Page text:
But secrets ARE of maginal importance!
Of no more importance than basic props.
To think otherwise is to rely on the trick to carry the performer, rather than the other way 'round.
Scene from a magic shop:
(The proprietor has just shown a prop to a newbie.)
Newbie: "But what does it do?"
Proprietor: "It doesn't do anything; you have to do that!"

Smile
^"I just do what I'm told!"
christopher carter
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Peter,

I must be misunderstanding what you mean by secrets, or vice-versa, because it sure seems to me that some logical extensions of what your are saying are that a) it doesn't matter whether people are fooled, b)your audience could know the workings of any of your tricks, and still think you are a great magician, and c)exposure of magical methods to the general public is perfectly acceptible. Whatever you mean, well just have to agree to disagree, since we're obviously not going to change each other's minds


Question: In your example, how is the magician going to create a marvelous presentation of the magical box trick if he doesn't know the secret to the magical box?

--Chris
filmyak
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You've posted an interesting and lively topic, but its probably getting beyond the perameters of comfortable, friendly debate when we start bringing in the psychics.
--------------------------------------------------

Chris,
you're right. There are many points of view with legitimate arguments on both sides. And as someone who started in the skeptic community and then started in the magic community (and fairly recently, at that) I was not aware that many of the skeptics interpretations in debunking psychics were incorrect.

But I've also not gone down the mentalist road yet, though I will probably start learning some of that in the near future and see how performing it fits my personality. But as someone who, so far, knows very few of the mentalist techniques employed today, I am still amazed when i see them performed. Even after knowing the basics of what fake psychics do.

And forget getting ugly when we start bringing in the pyschics... wanna see a real bloodbath? Try sending in the clowns!

(oooooh, cheap humor! bad barbara streisand jokes! is there nothing sacred left in the world?!)
Smile
Paul
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Pinky said;
"By explaining why exposure is bad and making "amateur" magicians understand WHY this is wrong, we reduce the chances of this happening again (and at the same time explain why undercutting is bad to)."

If people listened to what was right and wrong and stuck by it, our prisons would be empty. Knowing things are wrong doesn't stop people doing them.

WAM does still exist Dave, but it hasn't been capable of having any affect on Fox as this new show in the works proves.Hopefully they are still working behind the scenes rather than jumping up and down and giving these shows more publicity.

IceRaven typed;
!One question. How exactly do we go about finding those who have exposed secrets? From what I understand it isn't just one person, it's several."

It's no secret the masked magician was Valentino, he did several shows, the street magic masked exposer was someone as yet unidentified. But there are others who expose without masks.And don't forget, there are many who expose simply by poor performance!

Paul.
Pinky
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Paul,

Like I said, reduce the chances of it happening. Just because you fix the dice, doesn't mean they'll roll that way all the time, but one can always hope. Right?

You'll still get occasions where circumstances get in the way (or where someone's brain just doesn't work right. These are the two common reasons for jailtime, but I degress). If you're left with no other choice but to steal a loaf of bread...you steal a loaf of bread. Its not right, but you do it to survive. As filmyak stated, hopefully none of us will ever be in a situation where we have little to no choice in the matter.

By educating the people we are in direct contact with, we fix the dice and hedge the bet. Nothing more.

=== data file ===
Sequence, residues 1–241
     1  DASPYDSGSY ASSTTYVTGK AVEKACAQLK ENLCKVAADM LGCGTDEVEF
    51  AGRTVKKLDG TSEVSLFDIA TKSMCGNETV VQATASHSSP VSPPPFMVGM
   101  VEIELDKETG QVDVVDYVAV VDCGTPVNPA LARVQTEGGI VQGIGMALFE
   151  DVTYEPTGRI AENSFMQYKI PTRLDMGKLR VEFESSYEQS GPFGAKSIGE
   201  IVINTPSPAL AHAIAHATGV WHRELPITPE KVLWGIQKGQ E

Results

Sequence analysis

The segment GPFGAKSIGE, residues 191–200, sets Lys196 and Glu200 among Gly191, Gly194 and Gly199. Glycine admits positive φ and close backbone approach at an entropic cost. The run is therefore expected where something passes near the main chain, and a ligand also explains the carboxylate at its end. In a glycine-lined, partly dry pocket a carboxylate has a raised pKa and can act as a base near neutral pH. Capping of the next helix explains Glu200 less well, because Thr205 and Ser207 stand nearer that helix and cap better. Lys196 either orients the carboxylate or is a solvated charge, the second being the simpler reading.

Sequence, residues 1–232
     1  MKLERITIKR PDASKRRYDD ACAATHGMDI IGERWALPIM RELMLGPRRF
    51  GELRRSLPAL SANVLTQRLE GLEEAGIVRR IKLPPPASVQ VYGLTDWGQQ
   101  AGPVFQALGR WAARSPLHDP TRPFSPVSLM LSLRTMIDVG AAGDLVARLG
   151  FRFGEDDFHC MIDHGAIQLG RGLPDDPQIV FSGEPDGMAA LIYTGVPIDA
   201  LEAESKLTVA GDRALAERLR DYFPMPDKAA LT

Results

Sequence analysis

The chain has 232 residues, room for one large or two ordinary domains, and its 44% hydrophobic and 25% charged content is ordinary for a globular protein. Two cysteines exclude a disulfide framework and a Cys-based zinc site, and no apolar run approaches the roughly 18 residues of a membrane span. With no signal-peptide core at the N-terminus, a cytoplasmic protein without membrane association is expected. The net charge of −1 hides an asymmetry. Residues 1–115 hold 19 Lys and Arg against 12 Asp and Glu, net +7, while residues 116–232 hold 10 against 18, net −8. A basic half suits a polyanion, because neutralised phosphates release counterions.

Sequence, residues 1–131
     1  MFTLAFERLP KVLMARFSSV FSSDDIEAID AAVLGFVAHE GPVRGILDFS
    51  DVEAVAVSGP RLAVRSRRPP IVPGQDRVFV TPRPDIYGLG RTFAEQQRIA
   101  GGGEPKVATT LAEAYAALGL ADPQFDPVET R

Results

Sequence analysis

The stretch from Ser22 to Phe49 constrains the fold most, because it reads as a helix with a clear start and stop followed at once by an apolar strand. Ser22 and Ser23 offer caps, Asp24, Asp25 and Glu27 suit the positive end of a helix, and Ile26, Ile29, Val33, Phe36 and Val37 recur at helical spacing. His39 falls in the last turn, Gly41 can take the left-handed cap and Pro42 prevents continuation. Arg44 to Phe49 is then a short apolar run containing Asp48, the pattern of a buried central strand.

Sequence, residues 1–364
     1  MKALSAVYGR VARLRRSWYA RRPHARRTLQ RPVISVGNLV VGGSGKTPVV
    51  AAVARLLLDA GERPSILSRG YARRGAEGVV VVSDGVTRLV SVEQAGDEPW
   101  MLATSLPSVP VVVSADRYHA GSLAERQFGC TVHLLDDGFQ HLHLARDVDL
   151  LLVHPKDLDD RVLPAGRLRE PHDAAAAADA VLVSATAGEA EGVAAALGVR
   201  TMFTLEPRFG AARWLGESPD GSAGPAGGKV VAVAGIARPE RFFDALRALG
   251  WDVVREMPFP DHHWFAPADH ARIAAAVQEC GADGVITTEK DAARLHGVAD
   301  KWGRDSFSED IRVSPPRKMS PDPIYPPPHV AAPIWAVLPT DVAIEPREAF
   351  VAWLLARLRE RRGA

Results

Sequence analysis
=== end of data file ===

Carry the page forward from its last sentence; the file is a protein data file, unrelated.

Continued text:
But atleast its something.

-Dave Cross
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Paul
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re;
By educating the people we are in direct contact with...

I think every basic book on magic discusses not revealing the secrets Smile

Paul.
Pinky
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True. But not everyone reads that part of the book. Most people jump to the effects looking to learn "the next newest thing".

Its all about common sense, but if sense was so common, why doesn't everyone have it?

By speaking up (as we've been doing here), we help in driving the point home.
Dave Cross

"The problem with being better than everyone else is that people tend to think you're pretentious."
Pakar Ilusi
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We should stop selling our secrets if we are to keep them.

But then there would be no more Magic Shops...

And therein lies the problem.

We Magicians want to have our cake and eat it too... Smile
"Dreams aren't a matter of Chance but a matter of Choice." -DC-
gaddy
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I'm sure, despite all the anti-fake psychic hyperbole, the moment they expose the thought transmitter everyone here is going to cry and whine.

Exposing "certain" tricks is ok, I guess...

PS to the original poster, can't you just simply choose to not do this specific program and maintain a professional relationship with this particular producer?
*due to The Magic Cafe's editorial policies, words on this site attributed to me cannot necessarily be held to be my own.*
filmyak
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Guys, this topic is 9 years old. Literally.
gaddy
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Quote:
On 2011-01-24 19:16, filmyak wrote:
Guys, this topic is 9 years old. Literally.
haha! Didn't catch that fact at first!
*due to The Magic Cafe's editorial policies, words on this site attributed to me cannot necessarily be held to be my own.*
Jack Baines
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Quote:
I perform mostly for college students, and hardly a day goes by where I don't hear one or more explain to his friends how something he saw on one of those Fox specials was done.


But their still turning up to the show, so what are you losing? Have you considered the possibility that less people would have shown up had there interest in magic through these shows not been roused?

Quote:
After the first expose show, an illusion team I was acquainted with had several shows cancelled because, according to the colleges who cancelled, now all the students would know how the tricks were done.


That's the fault of whichever idiot with the power to cancel a show decided to use that power. Probably someone who thinks of magic as a bit of a joke anyway.
Jack Baines
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Oops, didn't realise how old the thread was either.